Snacks. Once again, Whole Foods bulk bins come in handy as a cheap way to bring along organic nutrition. Mix your own trail mix using your favorite dried fruits and nuts. I also get fruit leather and limited-ingredient animal crackers from Whole Foods.
Drinks. Bring along your water bottle, which can be filled after going through security. I pack my own non-dairy creamer for the flight because oftentimes the only creamer option for coffee or tea is half and half. I also bring individually-wrapped Yogi tea bags. Tea bags are another little luxury that are light-weight and security-friendly, and infinitely better than what you’ll be offered on the plane. Alternately, there are many drink choices at the airport gift shops if you’re willing to pay.
Foods you can’t bring:
Unfortunately, many go-to travel food choices aren’t options at the airport. Anything liquid-like won’t go through security. This includes individual packs of applesauce, yogurt, peanut butter, veggie dip, and protein shakes. You can sometimes find these items in gift shops after security, but they will be pricey, and your brand choices will be limited. (For example, Yoplait Go-Gurt tubes are widely available, but contain gelatin.)
What else to pack in your carry-on:
*To-Go Ware Bamboo Utensils. Eco-friendly, reusable, beautiful. I have three of these sets, and don’t go anywhere without at least one. A set includes a bamboo spoon, fork, knife, and chopsticks. Invaluable when you pack your own food and need to mix up hummus or eat oatmeal!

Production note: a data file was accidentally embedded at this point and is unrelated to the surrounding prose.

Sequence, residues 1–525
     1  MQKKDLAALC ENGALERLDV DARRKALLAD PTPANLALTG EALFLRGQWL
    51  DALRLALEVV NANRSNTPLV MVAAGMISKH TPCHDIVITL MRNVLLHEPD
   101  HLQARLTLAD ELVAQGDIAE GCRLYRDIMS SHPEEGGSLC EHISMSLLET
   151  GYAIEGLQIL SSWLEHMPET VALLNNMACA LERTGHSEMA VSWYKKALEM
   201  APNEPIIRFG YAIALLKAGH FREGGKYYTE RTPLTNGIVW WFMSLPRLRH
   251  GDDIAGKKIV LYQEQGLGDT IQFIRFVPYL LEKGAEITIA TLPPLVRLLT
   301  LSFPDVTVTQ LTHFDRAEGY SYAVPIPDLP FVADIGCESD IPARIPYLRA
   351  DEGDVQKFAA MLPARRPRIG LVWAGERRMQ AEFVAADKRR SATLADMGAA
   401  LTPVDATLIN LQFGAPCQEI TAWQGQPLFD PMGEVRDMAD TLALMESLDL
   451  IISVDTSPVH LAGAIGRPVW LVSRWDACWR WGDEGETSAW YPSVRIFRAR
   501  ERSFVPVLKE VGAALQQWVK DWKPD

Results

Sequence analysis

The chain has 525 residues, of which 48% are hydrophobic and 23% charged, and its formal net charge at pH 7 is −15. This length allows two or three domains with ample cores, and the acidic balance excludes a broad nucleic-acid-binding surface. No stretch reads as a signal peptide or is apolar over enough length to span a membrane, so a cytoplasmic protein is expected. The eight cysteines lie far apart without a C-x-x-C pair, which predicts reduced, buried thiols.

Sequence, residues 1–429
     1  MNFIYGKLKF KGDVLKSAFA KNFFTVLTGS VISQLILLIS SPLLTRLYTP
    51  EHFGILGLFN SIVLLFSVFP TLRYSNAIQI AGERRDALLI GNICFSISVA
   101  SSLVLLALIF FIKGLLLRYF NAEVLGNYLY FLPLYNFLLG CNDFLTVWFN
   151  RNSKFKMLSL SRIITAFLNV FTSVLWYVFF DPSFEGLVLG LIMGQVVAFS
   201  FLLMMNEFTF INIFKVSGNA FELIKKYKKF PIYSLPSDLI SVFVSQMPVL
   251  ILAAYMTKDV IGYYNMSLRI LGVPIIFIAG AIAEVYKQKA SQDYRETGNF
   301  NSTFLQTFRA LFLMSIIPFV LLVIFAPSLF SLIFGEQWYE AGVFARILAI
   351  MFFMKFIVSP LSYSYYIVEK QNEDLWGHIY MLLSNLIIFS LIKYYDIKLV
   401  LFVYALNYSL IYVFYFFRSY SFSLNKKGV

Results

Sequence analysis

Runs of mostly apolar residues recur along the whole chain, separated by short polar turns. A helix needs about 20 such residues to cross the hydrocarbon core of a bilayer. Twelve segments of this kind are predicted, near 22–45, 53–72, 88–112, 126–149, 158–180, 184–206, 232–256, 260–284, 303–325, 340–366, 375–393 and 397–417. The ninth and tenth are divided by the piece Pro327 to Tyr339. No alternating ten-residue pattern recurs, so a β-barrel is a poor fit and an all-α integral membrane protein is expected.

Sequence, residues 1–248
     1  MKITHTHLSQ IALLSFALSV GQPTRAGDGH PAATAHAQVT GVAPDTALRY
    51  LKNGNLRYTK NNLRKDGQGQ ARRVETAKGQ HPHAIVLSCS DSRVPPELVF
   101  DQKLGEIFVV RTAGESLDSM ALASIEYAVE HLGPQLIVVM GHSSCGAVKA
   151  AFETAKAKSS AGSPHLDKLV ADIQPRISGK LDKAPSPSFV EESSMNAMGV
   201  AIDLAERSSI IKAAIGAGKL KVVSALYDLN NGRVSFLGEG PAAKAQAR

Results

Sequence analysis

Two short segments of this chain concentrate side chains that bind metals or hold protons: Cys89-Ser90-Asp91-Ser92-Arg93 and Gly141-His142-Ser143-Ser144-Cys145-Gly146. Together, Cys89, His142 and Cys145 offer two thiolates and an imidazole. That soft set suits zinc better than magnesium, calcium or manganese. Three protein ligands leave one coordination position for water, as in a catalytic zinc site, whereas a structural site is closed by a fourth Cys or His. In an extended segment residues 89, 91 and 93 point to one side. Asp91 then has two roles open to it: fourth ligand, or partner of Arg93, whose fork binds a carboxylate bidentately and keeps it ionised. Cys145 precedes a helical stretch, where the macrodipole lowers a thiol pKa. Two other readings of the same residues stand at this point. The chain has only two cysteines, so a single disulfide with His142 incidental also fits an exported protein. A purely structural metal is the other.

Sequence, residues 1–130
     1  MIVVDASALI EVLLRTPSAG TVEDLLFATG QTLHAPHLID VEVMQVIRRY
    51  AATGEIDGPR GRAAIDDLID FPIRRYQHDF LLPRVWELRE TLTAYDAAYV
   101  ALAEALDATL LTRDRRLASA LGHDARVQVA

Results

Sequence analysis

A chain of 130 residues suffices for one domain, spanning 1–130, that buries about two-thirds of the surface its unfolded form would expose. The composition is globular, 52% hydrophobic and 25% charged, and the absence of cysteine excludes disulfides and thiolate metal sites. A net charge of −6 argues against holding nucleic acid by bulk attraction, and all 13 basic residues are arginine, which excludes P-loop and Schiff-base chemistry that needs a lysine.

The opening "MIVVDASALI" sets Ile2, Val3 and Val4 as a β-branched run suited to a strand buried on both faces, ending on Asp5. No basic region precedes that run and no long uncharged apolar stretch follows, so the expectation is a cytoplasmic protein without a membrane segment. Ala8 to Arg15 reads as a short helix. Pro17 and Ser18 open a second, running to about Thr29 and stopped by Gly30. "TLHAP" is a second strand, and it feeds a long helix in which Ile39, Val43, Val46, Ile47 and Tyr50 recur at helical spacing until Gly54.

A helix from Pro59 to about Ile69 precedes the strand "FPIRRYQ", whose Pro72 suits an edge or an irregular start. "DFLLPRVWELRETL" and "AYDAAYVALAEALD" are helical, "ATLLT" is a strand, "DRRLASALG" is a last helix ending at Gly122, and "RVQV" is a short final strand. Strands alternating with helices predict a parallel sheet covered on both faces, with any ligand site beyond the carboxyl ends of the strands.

*Dr. Bronner’s Liquid Castile Soap. You can buy a 1 oz container of it which will fit into your allowed 1 quart ziplock bag of liquids (remember that each item in your 1 quart bag cannot be more than 3 oz.), or you can buy a larger bottle, and pour some soap into a small travel container. You’ll use this for everything – washing utensils or containers, hands, and face. Great for sensitive skin, cruelty-free, vegan, and biodegradable.
*Yes to Cucumbers Facial Towelettes. Grab a small travel pack at Target for a few bucks. These are great face refreshers for after a long flight, require no rinsing, and are security-friendly. I also use them as regular wipes to clean my hands and tray table before a meal. Great for sensitive skin, cruelty-free, vegan, and biodegradable.
*Tupperware. These reusable products are airtight, recyclable, and BPA-free. They don’t leach when filled with hot food or liquid or when microwaved. They are great for after the flight, too, when you need a reusable, microwaveable container for your restaurant leftovers. Tupperware products I carry with me include: water bottle, Vent n’ Serve sealable mug (useful for oatmeal, cereal, coffee, tea, soup, hummus, leftovers), and sealable snack containers for my homemade bulk snack mixes.
I also couldn’t live without:
*Happy Cow. This searchable website is a guide to vegetarian and vegan restaurants and health food stores the world over. http://www.happycow.net **As Valerie mentioned in the comments section, this is also an ipad app!!**
*VeganXpress. This ipad app is a great guide for figuring out what is and isn’t vegan at many fast food chains and restaurants.